And courage led on to success from poverty they’re free

“© Copyright Ian Grice 2013. All rights reserved.”

18 Comments Add yours

  1. He was a lucky guy around here with some of the gang members he would not have gained courage but most likely would have died. I have been over viewing your pictures this morning sweet Ian. You have some amazing and beautiful pictures. Hugs

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    1. Yes the character in this story was more than lucky. He was a rare statistic.

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  2. Eric Alagan says:

    We can push someone only so much. “We” in this case refers to individuals, groups and society as a whole.

    Fight or flee – survival of the fittest :- these are more than cliches for many, much more than something to adorn pages of literature (the former) or pages of scientific journals (the latter).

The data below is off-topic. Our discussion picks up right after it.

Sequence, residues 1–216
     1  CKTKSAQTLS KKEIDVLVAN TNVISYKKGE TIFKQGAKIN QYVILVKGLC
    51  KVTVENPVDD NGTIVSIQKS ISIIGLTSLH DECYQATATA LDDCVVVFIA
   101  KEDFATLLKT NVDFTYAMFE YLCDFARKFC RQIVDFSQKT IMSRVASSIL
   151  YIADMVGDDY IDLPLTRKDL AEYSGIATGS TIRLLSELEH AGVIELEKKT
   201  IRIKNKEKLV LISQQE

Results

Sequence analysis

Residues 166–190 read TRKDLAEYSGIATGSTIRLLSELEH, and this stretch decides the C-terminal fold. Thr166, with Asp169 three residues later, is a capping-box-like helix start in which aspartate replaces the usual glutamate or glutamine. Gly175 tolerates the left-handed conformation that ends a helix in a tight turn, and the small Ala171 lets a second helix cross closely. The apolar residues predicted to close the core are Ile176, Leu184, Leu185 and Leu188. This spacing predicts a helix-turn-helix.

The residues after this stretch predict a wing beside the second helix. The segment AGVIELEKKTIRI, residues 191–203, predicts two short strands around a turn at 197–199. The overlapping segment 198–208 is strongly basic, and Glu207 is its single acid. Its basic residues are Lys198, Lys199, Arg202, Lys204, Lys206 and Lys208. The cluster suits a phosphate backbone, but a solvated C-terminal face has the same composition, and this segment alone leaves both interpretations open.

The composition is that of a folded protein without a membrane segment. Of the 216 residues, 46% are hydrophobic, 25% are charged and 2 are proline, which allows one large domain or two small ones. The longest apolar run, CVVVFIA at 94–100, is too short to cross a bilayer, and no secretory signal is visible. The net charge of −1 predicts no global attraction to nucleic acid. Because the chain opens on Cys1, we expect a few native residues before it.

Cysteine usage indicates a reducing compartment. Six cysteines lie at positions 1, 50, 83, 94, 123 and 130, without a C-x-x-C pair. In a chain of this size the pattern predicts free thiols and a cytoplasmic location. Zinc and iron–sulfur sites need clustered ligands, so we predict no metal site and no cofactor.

A well told story that weaves ground level realities – even now in many strife torn countries.

    All good wishes,
    Eric
    P/s Phew! Made it before the computer goes crazy again.

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    1. I’s amazing what fear can do to you Eric. It provides the strength to solve impossible situations. Looks like you need a new computer. We just replaced two after wasting hours trying to fix. Cheers!

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      1. Eric Alagan says: